# Quantum Computer Simulation of GHZ Experiment

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An entangled state of three photons in a superposition, either with all horizontally polarized () or with all vertically polarized (), is known as a Greenberger–Horne–Zeilinger (GHZ) state [1, 2]. It is represented by the state vector . A measurement on any one of the photons, using a two-channel polarizer, would give 50% probability for either or . Measurements on the other two photons would then be found to show the same polarization. In the canonical GHZ experiment, measurements are performed on the three entangled photons using two-channel polarizers , and set to orientations different from the original and , which we denote by and . The polarizations are at angles of with respect to the original polarizations, such that . The polarizations are left and right circular polarizations, represented by . The polarization detectors are set in one of four possible combinations: , , or . We use binary notation, 0 and 1, to label the two possible polarizations for either the or orientation. For the , or configuration, we observe four equally probable results, which we designate 001, 010, 001 and 111. For , we again observe four equally probable results, but now 000, 011, 101 or 110. In all of these cases, any two detector readings, say those of and , unambiguously determine the reading of . For example, for configuration , if the first two detectors read 01 or 10, the third would then show 0.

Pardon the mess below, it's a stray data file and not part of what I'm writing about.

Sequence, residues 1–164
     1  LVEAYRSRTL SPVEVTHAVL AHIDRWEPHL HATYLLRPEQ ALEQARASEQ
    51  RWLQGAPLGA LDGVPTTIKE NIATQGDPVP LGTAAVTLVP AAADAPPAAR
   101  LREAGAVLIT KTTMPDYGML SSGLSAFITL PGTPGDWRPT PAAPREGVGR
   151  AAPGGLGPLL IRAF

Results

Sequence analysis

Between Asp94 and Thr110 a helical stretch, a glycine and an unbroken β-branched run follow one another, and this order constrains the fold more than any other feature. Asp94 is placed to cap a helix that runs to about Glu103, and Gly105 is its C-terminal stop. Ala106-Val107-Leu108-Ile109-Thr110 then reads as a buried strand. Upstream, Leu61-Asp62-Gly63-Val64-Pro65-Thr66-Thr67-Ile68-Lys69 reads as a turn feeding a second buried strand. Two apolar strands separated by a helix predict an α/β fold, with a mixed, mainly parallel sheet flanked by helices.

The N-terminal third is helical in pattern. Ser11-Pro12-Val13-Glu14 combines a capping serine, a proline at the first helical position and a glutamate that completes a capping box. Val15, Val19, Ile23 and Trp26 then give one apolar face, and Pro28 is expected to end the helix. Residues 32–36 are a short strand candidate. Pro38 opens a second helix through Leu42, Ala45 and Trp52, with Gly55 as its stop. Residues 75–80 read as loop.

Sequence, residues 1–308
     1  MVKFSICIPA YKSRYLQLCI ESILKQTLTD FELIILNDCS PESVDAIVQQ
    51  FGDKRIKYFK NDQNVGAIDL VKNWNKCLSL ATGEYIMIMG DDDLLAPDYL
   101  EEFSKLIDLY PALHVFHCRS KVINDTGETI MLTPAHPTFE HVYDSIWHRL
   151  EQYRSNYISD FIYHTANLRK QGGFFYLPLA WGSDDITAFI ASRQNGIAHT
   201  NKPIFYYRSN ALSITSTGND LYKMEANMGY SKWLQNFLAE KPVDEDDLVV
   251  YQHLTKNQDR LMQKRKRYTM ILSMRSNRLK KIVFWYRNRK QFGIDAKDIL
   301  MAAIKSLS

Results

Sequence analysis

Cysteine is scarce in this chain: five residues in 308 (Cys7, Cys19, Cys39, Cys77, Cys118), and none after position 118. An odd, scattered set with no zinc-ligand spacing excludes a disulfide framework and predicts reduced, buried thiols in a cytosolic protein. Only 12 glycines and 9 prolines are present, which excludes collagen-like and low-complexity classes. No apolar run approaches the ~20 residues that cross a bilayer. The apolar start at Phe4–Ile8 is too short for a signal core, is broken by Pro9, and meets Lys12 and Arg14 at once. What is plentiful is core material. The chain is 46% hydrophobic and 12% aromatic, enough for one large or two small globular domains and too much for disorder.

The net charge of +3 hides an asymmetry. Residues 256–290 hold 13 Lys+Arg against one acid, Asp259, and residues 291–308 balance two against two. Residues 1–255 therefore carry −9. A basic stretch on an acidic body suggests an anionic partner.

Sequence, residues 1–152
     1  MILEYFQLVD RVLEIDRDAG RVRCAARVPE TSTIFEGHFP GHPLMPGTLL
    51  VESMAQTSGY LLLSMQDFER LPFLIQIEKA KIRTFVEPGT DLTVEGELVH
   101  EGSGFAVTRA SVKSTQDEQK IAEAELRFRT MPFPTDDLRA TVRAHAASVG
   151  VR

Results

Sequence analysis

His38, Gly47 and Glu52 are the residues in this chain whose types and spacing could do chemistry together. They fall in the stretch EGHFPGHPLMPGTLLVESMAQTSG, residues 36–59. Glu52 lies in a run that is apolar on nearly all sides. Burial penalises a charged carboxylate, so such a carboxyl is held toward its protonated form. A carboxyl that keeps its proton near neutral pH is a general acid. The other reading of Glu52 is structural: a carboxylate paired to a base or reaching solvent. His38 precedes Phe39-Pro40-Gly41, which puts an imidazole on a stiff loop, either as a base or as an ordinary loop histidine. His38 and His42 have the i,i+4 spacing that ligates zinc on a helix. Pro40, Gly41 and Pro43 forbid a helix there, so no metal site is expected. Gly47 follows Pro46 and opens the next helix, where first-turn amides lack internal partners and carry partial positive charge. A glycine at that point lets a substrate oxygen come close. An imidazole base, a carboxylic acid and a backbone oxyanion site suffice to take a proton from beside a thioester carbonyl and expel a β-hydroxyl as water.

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Contributed by: S. M. Blinder (December 2017)

Open content licensed under CC BY-NC-SA

## Snapshots

## Details

The Hadamard gate (not to be confused with the horizontal polarization, also called ) acts on a qubit in one of the basis states to produce a linear combination of the two basis states. Specifically and . As a unitary operator, . The -phase shift gate is represented by .

References

[1] D. M. Greenberger, M. A. Horne, A. Shimony and A. Zeilinger, "Bell's Theorem without Inequalities," *American Journal of Physics*, 58(12), 1990 pp. 1131–1143. doi:10.1119/1.16243.

[2] J.-W. Pan, D. Bouwmeester, M. Daniell, H. Weinfurter and A. Zeilinger, "Experimental Test of Quantum Nonlocality in Three-Photon Greenberger–Horne–Zeilinger Entanglement," *Nature,* 403, 2000 pp. 515–519. doi:10.1038/35000514.

[3] G. Fano and S. M. Blinder, *Twenty-First Century Quantum Mechanics: Hilbert Space to Quantum Computers, *New York: Springer, 2017.

[4] N. D. Mermin, "Quantum Mysteries Revisited," *American Journal of Physics*,* *58(8), 1990 pp. 731–734. doi:10.1119/1.16503.

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